College of Liberal Arts & Social Sciences > Academics > Religious Studies > Faculty > Frida Kerner Furman

Frida Kerner Furman

As a social ethicist, Frida Furman uses ethnographic methods to explore the moral life of individuals in the context of communities. Her academic interests include social, feminist, and environmental ethics; religious/cultural identity and diversity; and peace-building, forgiveness, and reconciliation. Furman's first book, Beyond Yiddishkeit: The Struggle for Jewish Identity in a Reform Synagogue (SUNY Press, 1987), investigated  contemporary Jewish identity manifested within a synagogue, in its complex engagement with American society.  Her second book, Facing the Mirror: Older Women and Beauty Shop Culture (Routledge, 1997), studied women's experiences of old age relative to cultural and gendered expectations of physical attraction, caring, and loss. Furman's latest book, Telling Our Lives: Conversations on Solidarity and Difference (Rowman & Littlefield, 2005), co-authored with two other academic women, revealed through their conversations and storytelling the convergence and divergence of identities shaped along social class, ethnicity, gender, and sexuality. Furman's most recent journal articles focus on conflict transformation and reconciliation work of grass-roots organizations, principally in the Middle East, and include “Compassionate Listening as a Path to Conflict Resolution” (Journal for the Study of Peace and Conflict), “Religion and Peacebuilding: Grassroots Efforts by Israelis and Palestinians” (Journal of Religion, Conflict, and Peace), and "Bereavement, Storytelling, and Reconciliation: Peacebuilding Between Israelis and Palestinians" (Peace and Conflict Studies).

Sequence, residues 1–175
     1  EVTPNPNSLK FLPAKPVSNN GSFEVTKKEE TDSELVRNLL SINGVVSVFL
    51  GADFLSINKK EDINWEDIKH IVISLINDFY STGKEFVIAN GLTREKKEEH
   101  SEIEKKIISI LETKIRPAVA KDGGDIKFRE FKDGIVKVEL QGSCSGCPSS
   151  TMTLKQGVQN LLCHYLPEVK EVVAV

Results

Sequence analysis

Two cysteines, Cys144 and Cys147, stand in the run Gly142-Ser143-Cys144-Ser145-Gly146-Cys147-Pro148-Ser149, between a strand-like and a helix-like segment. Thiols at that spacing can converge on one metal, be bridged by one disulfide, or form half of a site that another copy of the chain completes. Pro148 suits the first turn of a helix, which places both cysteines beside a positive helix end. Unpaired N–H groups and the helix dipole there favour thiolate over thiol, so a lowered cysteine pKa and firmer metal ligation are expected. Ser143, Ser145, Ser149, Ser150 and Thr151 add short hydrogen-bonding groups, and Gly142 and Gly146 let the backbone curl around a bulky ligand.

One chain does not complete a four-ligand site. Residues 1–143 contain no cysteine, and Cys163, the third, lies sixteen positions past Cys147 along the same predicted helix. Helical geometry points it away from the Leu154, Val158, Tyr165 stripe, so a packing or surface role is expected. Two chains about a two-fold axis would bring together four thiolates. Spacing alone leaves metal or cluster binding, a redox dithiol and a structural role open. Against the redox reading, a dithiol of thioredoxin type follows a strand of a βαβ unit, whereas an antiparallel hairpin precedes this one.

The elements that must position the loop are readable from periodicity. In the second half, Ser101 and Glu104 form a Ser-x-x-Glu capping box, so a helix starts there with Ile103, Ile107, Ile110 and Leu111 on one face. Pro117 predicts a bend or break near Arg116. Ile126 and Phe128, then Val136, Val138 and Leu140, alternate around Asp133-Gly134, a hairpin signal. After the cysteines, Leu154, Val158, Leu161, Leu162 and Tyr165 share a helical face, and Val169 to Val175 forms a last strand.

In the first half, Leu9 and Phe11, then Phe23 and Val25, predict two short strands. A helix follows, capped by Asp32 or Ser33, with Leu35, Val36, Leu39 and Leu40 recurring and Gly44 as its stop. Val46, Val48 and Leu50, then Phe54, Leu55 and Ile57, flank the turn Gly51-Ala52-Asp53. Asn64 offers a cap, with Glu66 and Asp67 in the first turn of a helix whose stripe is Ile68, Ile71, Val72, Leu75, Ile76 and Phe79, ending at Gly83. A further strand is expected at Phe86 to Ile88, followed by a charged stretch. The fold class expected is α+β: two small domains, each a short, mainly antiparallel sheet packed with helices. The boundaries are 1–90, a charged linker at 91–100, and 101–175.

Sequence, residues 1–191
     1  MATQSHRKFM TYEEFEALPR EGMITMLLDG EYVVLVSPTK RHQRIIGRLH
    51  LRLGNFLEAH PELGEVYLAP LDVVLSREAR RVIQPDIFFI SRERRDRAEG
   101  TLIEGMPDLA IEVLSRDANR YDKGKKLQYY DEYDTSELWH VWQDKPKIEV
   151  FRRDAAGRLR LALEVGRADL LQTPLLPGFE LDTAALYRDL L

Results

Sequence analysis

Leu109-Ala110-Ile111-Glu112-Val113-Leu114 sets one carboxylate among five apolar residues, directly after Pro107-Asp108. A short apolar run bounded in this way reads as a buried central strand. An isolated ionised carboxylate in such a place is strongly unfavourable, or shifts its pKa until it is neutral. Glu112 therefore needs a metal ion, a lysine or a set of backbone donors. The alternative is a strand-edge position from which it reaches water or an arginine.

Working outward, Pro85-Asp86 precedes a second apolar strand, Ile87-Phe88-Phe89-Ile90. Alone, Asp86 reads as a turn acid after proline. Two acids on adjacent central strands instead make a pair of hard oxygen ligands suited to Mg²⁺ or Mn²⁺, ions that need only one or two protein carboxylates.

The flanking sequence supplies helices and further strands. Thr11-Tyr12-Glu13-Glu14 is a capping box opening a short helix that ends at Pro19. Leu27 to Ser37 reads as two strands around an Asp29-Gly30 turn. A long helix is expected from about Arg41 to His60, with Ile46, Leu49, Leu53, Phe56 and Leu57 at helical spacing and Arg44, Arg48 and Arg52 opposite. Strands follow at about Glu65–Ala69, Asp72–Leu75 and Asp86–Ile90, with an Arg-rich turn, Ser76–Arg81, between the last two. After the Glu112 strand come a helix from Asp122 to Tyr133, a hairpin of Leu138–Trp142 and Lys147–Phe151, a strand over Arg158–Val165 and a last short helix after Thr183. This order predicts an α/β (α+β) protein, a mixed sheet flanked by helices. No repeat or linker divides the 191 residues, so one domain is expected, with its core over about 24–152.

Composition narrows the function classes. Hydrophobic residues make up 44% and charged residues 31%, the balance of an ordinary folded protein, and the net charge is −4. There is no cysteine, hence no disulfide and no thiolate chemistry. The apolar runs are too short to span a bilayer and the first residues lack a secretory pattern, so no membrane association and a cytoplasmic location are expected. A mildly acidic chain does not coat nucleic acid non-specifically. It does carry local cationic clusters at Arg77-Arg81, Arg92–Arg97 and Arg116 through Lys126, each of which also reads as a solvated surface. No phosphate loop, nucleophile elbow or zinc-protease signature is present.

Research Interests
- Peace-building and Reconciliation
- Trans-formative Teaching and Learning
- Environmental Ethics

Courses Frequently Taught
- HON 104 "Religious Worlds in Comparative Perspective"
- LSP 112 "Focal Point Seminar: Forgiveness"
- PAX 252/ REL 252 "Forgiveness and Reconciliation"
- PAX 253/ REL 253 "Despair and Hope"